The traditional viral promoters CaMV35S and SV40, commonly used in plant and animal genetic engineering, have been broadly applied in seaweed genetic engineering when there is sparse genetic information available [74,93,94,95]. These two promoters are typical eukaryotic class II promoters with a TATA box. However, exogenous proteins are often difficult to express when they do not originate from the target organism. In unicellular green algae models, some heterologous promoters allow transient gene expression, but the efficiency of the reporter and marker genes is low [96,97]. The same low efficiency of expression is observed in red seaweed. A considerably low activity of the CaMV35S promoter is observed in P. yezoensis cells [98]. Some algal endogenous promoters, such as the diatom-originated fucoxanthin-chlorophyll a/c binding protein gene (fcp) and the endogenous 5′ upstream region of the actin 1 gene from P. yezoensis (PyAct1), have shown efficient activity when used to construct expression vectors. The former has been applied in L. japonica [99], whereas the latter has been found effective in 12 red seaweed species [100,101]. The successful application of the PyAct1 promoter indicates that extensive study should be devoted to the search for and design of endogenous promoters within seaweed genomes. This necessity arises because exogenous promoters usually have different structures of DNA sequence and apply different transcriptional regulation of protein-coding genes. Promoter trapping is one of the methods used for novel promoter isolation and characterization in plants [102], and it has been successfully applied in modeling the green alga, Chlamydomonas reinhardtii [103]. Increasing numbers of assembled marine algal genome sequences are now available due to the high sequencing throughput brought about by NGS technologies. Presently, there are approximately 19 marine eukaryotic algae genomes that are finished being sequenced or are in the process of being sequenced [33,37,84,104]. Natural promoter sequence identifications have not been comprehensively conducted in marine algae, but with the help of NGS and bioinformatic technologies the situation is improving. The completion of the algal genomic assemblies will provide a foundation for the comparative analysis of gene regulation networks to determine the cis-regulatory code [105], which will allow the discovery of additional endogenous promoters and viral or phage-derived heterologous promoters.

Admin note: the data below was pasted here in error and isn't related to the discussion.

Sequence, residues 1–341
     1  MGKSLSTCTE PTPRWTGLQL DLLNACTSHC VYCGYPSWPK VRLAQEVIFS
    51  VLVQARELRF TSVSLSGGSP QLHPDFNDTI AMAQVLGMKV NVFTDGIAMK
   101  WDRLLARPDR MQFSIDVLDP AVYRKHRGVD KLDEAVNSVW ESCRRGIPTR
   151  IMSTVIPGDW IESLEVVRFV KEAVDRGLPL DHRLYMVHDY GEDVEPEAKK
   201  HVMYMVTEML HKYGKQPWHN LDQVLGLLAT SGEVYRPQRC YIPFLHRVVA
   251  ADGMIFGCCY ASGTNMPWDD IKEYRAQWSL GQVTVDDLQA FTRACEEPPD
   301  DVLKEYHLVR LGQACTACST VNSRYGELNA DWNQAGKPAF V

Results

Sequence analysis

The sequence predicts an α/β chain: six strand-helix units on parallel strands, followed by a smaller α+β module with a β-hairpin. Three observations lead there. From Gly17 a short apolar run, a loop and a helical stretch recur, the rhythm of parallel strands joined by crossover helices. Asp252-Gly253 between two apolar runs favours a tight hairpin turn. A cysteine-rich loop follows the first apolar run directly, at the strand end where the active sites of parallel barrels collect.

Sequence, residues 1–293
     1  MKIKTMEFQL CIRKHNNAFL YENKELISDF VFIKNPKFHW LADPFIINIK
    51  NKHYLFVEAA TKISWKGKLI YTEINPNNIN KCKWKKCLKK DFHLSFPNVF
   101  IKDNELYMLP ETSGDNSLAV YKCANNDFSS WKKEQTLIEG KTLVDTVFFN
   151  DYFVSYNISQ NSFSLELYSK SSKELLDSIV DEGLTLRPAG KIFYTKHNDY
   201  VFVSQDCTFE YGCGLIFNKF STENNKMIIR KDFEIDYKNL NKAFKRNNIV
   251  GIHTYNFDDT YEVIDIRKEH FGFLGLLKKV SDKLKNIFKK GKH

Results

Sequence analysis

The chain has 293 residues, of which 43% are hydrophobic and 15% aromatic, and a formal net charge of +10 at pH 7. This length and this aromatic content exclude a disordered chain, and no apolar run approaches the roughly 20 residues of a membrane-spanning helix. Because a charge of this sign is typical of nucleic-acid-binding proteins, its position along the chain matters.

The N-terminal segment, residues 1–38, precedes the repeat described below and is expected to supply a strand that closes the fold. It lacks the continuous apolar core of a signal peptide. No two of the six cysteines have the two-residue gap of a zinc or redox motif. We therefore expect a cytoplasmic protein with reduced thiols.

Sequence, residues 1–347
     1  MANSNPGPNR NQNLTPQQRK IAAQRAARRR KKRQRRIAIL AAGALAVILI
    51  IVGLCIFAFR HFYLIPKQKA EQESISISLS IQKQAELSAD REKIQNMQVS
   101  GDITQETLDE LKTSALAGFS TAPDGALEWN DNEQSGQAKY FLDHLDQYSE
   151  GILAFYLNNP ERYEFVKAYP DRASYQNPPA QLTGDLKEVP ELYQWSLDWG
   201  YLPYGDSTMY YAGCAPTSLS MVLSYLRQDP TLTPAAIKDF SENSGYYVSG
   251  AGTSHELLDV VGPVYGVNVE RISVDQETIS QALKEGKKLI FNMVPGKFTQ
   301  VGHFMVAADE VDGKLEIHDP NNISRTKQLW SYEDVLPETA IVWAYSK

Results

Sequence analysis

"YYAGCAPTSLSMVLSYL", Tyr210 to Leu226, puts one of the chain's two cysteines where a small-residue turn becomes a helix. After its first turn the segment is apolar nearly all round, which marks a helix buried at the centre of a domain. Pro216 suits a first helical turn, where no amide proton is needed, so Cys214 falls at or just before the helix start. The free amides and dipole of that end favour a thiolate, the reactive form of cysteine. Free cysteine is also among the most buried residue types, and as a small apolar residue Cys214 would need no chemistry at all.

Natural promoters for use in seaweed genetic engineering can either be isolated from endogenous algal sequences or isolated from a heterologous viral promoter. Occasionally, heterologous viral or phage-derived promoters cannot regulate transcription levels, meanwhile, isolated endogenous promoters are commonly unable to maximize the transcriptional capacity of the host [106]. These shortcomings do not allow for fine-tuned control of transcription, which prevents their use in complex metabolic and genomic engineering applications. Promoter engineering may overcome these difficulties and possibly will allow the optimization of metabolic pathways in cooperation with other methods including; synthetic ribosome-binding sites design [107], mRNA stability improvement [108], RNase III activity modulation [109], codon usage [110], etc. At present, there are four prevailing strategies in rational promoter design; introducing random mutations into the promoter sequence by error-prone PCR, mutating non-consensus spacer nucleotide regions within a promoter via saturation mutagenesis, assembling different tandem upstream activation sequences to tune the core promoter and altering the structure of transcription factor-binding site sequences [106]. Schlabach and colleagues have established a library of possible 10-mer DNA sequences in tandem from the upstream activation sequence of one promoter to generate stronger enhancement activity for this promoter using a synthetic biology approach [87]. All of these methods make it possible for de novo tunable promoter synthesis in seaweed genetic engineering, while more rational strategies will still rely on the increasing understanding of promoter sequence structure diversity from marine algae uncovered by NGS technologies.